The following are some conditions that can cause sleep disorders:

  • Allergies and respiratory disease

Cold, allergies or any respiratory infections can make breathing difficult and cause sleeplessness. 

  • Frequent urination 

Frequent urination or nocturia can interrupt your sleeping by causing you to wake up during the night. 

  • Chronic pain 

Severe pain can cause sleeplessness. The following are some types of chronic pain that can result in difficulty in sleeping:

  • Arthritis 
  • Chronic fatigue syndrome 
  • Fibromyalgia 
  • Inflammatory bowel disease 
  • Severe headache
  • Pain in the lower back 
  • Stress and anxiety

Anxiety and stress are the main reason for any sleep disorder. Both of these can adversely affect your sleeping schedule and affect the quality of life you are leading. 

How are sleep disorders diagnosed?

To diagnose you with any sleep disorder, your doctor will recommend you the following medical tests:

  • Polysomnography (PSG)

Polysomnography evaluates the oxygen level, movements of the body, brain waves while sleeping. 

  • Electroencephalogram (EEG)

Electroencephalogram accesses electrical activities in the brain and detects any potential problems related to these activities.

  • Multiple sleep latency tests (MSLT)

Multiple sleep latency tests (MSLT) is the daytime napping study used to diagnose narcolepsy.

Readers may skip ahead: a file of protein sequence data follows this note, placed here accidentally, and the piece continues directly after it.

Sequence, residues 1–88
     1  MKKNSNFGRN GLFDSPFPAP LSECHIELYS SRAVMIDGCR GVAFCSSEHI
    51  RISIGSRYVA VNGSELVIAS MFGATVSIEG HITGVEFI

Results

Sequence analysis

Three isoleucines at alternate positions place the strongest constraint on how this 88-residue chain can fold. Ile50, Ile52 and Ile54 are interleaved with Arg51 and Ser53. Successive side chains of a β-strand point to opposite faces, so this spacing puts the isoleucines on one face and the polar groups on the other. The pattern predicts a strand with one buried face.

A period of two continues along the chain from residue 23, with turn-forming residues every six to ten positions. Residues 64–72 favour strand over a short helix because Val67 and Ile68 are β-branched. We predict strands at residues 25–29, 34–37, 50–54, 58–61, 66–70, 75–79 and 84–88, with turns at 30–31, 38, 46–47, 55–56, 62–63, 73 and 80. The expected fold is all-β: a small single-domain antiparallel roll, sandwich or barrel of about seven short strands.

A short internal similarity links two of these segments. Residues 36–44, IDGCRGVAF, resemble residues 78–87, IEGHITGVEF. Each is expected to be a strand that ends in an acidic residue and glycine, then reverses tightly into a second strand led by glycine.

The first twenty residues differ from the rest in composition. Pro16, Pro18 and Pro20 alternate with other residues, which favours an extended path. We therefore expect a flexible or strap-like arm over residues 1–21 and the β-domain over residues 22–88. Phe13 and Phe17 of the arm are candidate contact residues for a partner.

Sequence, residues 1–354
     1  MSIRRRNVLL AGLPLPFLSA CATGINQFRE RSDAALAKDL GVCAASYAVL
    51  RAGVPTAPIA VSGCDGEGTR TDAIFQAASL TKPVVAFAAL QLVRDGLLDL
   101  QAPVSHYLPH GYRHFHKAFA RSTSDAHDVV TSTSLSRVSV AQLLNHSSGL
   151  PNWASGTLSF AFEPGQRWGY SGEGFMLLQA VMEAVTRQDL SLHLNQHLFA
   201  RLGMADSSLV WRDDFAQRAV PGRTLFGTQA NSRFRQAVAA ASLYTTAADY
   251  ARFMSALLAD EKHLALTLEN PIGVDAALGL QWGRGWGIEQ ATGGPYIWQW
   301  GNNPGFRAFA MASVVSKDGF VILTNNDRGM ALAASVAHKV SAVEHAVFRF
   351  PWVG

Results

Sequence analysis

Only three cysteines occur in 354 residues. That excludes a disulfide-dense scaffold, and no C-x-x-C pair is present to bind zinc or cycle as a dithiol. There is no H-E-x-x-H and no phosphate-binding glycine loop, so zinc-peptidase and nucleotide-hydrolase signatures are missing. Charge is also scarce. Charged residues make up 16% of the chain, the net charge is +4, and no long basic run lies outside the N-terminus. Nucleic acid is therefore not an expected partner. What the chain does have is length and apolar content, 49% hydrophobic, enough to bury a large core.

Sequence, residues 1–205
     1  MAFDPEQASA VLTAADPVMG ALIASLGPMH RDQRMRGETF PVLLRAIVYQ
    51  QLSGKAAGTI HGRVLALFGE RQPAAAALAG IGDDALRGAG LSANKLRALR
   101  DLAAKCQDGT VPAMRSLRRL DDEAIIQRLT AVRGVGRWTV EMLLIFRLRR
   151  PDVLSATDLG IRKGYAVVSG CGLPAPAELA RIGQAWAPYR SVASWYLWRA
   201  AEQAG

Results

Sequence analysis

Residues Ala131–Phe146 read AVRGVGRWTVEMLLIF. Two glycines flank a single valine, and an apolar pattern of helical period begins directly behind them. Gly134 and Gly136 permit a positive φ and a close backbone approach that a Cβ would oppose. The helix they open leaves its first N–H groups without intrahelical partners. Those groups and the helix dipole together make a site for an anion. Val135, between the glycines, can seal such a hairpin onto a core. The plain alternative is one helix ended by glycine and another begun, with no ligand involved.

How are sleep disorders treated?

The effective treatment of any sleeping disorder varies from patients’ conditions to patients, and with suitable medications and some changes in lifestyles, you can manage it easily.

The medicines that doctors can prescribe to treat and manage different types of sleeping disorders are as follows:

  • sleeping pills
  • melatonin supplements
  • allergy or cold medication
  • medications for any underlying health-related issues 
  • breathing device or surgery (usually for sleep apnea)
  • a dental guard (usually for teeth grinding)

Using Ambien for sleeping disorders is the first-choice treatment by doctors. 

Some changes in your lifestyle that you should incorporate to manage sleep disorders are:

  • Eat healthily 
  • Exercise daily 
  • Sleep properly 
  • Drink less water at night 
  • Limit the use of caffeine 
  • Avoid alcohol and tobacco 
  • Keep yourself busy